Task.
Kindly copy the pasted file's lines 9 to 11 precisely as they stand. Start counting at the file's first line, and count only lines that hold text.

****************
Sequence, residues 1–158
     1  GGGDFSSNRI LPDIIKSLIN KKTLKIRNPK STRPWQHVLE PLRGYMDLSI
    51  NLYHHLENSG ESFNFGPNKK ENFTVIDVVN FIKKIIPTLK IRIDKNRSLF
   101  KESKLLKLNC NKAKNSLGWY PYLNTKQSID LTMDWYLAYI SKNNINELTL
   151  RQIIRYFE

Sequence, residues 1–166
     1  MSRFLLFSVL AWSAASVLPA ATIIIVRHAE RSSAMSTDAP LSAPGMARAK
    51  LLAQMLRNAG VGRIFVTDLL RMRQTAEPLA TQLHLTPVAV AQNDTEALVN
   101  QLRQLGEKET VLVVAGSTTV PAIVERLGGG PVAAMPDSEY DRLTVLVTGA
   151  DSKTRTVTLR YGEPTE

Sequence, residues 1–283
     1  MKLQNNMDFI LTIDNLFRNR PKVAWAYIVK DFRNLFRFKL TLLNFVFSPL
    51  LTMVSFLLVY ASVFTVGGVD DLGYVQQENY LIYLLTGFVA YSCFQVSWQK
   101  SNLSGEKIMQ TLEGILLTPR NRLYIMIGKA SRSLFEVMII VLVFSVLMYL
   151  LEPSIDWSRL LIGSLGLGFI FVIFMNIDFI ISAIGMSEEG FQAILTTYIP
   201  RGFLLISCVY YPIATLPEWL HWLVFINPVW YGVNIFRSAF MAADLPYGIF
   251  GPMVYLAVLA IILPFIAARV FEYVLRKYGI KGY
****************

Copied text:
   101  QLRQLGEKET VLVVAGSTTV PAIVERLGGG PVAAMPDSEY DRLTVLVTGA
   151  DSKTRTVTLR YGEPTE

Sequence, residues 1–283